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The Trials of Mitch Haniger

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What’s going on with Mitch Haniger?

MLB: New York Yankees at Seattle Mariners Joe Nicholson-USA TODAY Sports

Something isn’t right with Mitch Haniger. Between the two injuries to his oblique and his finger and the emergence of Ben Gamel, his once promising season has lost a lot of its sheen. After posting a 188 wRC+ in April, many were calling Haniger a dark horse Rookie of the Year candidate. He’s posted just a 75 wRC+ since returning from the disabled list dashing any hope of earning any hardware at the end of the season. Instead, we’re left wondering what’s gone wrong in the last month and whether or not he can make the adjustments necessary to produce at the plate again.

To start, let’s break Haniger’s season into two buckets—before and after his oblique injury. Obviously, these two time periods are rather short, giving us some small samples to work with—95 plate appearances in April and 137 in June and July. With that said, here’s a table of a few of his key stats split between these two stretches of the season.

Mitch Haniger—2017

Time Period K% BB% ISO BABIP wOBA Avg Exit Velo
Time Period K% BB% ISO BABIP wOBA Avg Exit Velo
Pre-DL 21.1% 13.7% 0.266 0.418 0.443 85.5
Post-DL 24.1% 8.0% 0.115 0.267 0.280 87.1

Woof. Across the board, Haniger has been much worse after returning from the disabled list. I don’t think that’s a surprise to anyone. The only metric that gives us a hint of hope is his average exit velocity. Let’s dig into his Statcast numbers a bit deeper.

I went to Baseball Savant to pull up Haniger’s batted ball data and created a rolling average for his exit velocity. As you saw above, he’s hit the ball a little harder after returning from the disabled list but a rolling average should give us a little more information about how his season has actually looked.

Via Baseball Savant

Prior to his injury, his exit velocity was rather stable, sitting around his overall average of 85.5 mph. But after his injury, it’s been all over the place. It took him a while to find his stroke after his injury but he had a two week period where he was hitting the ball very well. That recent dip in exit velocity coincides with his finger injury he suffered in Chicago right after the All-Star break. Baseball Savant has recently developed an expected wOBA (xwOBA) calculation based on a player’s batted ball exit velocity and launch angle. Prior to his injury, Haniger was making the most of his exit velocity and launch angle (I mentioned this in an article earlier this year). His .434 xwOBA essentially matched the .443 wOBA he actually posted in April. But since returning, his .312 xwOBA is much higher than the .280 wOBA he’s suffered through in June and July—he’s gotten a little unlucky on his balls in play.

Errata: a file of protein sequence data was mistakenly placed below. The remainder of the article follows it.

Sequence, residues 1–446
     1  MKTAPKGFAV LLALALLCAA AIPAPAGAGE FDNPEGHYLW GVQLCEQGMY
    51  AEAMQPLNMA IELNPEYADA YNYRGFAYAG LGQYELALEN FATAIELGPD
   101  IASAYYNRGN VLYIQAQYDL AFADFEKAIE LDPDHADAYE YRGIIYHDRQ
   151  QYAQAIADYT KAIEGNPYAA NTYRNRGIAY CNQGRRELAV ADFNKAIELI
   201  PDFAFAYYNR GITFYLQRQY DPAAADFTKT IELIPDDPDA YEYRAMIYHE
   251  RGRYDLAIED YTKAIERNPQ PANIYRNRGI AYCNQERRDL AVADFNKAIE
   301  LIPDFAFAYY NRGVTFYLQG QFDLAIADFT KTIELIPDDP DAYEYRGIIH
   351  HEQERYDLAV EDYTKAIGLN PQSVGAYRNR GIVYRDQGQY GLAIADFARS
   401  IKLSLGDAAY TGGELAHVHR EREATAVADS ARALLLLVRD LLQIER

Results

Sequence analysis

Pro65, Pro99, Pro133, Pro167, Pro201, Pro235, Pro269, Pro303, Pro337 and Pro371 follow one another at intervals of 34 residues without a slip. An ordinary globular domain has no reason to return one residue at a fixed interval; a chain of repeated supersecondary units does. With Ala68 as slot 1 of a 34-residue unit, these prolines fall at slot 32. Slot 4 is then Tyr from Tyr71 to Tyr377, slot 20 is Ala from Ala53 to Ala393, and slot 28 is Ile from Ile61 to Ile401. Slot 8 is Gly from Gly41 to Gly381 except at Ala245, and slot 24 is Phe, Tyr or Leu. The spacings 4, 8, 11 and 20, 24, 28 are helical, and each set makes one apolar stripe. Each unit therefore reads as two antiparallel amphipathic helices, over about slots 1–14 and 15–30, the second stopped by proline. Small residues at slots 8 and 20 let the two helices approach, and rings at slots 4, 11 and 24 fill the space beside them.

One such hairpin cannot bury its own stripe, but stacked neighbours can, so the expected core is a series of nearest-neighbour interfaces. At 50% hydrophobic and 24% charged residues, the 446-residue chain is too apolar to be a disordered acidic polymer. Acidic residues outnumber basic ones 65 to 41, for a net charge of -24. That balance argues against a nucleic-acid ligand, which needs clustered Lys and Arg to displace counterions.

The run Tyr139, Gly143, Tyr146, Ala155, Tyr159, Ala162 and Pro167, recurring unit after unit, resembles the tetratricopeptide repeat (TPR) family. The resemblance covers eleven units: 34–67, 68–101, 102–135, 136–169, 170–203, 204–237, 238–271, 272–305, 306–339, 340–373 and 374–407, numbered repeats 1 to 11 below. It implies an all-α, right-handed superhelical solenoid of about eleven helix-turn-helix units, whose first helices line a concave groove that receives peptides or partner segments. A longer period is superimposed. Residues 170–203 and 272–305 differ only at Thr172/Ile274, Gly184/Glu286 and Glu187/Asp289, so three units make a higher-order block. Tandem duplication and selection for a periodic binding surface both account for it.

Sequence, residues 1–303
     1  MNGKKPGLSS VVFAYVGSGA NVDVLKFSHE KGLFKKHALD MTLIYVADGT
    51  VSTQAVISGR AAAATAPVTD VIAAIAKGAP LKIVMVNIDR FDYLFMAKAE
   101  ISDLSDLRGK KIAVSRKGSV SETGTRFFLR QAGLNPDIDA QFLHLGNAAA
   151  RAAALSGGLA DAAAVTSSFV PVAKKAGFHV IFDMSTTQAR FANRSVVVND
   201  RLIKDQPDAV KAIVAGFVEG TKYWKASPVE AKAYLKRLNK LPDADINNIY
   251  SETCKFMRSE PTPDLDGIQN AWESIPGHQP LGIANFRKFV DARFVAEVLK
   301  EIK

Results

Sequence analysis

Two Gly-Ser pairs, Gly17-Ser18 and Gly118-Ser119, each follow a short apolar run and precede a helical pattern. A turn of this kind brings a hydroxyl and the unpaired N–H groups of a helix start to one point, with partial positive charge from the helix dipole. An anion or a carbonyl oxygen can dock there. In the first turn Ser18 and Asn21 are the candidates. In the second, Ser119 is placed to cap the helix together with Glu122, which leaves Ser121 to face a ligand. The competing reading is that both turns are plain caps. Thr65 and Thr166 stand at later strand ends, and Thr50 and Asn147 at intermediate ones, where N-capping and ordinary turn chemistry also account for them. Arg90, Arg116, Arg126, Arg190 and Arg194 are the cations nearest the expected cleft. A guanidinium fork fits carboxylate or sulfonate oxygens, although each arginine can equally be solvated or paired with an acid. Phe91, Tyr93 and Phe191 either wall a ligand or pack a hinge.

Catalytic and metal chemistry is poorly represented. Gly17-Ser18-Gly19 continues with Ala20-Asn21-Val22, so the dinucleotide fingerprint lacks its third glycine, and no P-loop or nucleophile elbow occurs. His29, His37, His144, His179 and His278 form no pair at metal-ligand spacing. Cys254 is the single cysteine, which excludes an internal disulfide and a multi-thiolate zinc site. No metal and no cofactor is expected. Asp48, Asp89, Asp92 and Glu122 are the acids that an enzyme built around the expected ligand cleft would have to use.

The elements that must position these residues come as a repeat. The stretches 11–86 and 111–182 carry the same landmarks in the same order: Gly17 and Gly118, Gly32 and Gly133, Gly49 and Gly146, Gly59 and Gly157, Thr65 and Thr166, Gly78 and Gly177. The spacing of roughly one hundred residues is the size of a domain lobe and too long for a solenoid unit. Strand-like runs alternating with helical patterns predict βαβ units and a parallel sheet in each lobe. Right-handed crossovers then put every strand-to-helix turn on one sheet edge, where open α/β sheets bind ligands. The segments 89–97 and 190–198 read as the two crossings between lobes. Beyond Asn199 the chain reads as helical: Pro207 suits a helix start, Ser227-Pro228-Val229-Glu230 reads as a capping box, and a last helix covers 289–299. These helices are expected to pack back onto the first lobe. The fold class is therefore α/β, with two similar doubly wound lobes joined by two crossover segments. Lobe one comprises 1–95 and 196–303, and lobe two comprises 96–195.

The other concerning thing about the second half of Haniger’s season thus far is the decline of his plate discipline skills. Both his strikeout rate and his walk rate have trended the wrong direction the past month. His plate discipline was one of the things that made Haniger stand out during his outstanding April. It wasn’t just that he was crushing the ball, his approach at the plate was mature for a rookie and showed that he was taking the “control the zone” mentality to heart. Thanks to FanGraphs, we can build a rolling average of his discrete plate discipline stats to see what’s gone wrong in the past month.

I’ve inserted a vertical bar to show where Haniger suffered his oblique injury. In April, he was laying off pitches outside of the strike zone at a rate much better than league average while swinging at and making contact with pitches in the zone at a very healthy rate. He had a plan at the plate, looked for pitches he could handle and laid off pitches he couldn’t.

That in-zone contact rate has essentially stayed the same throughout the season but his swing rates have bounced all around after returning from the disabled list. The recent stretch around Game 40 (July 2) is particularly concerning. Not only has Haniger been chasing pitches out of the zone more often, his overall swing rate has increased by around 10 points. And while his contact rate on pitches outside of the zone has increased as well, those aren’t necessarily the pitches he wants to be hitting anyway. To me, it looks like he’s pressing at the plate, trying to get something going by any means possible. He’s gotten away from the plan he had at the beginning of the year and it’s really hurt his production.

So there are two problems Haniger is dealing with right now. His health will be something that only time can take care of. Eventually, his finger will heal and he should be able to correct his poor batted ball luck with some hard hit balls in play. The plate discipline numbers are a harder problem to solve. He’s probably pretty frustrated with his performance at the plate and pressing to get anything going isn’t helping. Those kinds of mental hurdles aren’t easily solved, nor do they have a standard solution. It could be he needs a mental day off, or maybe he just needs to string together a few at-bats where he focuses on his process rather than his results. April showed us what Haniger is capable of when everything is going right. Now he needs to make the adjustments necessary to get back to that point.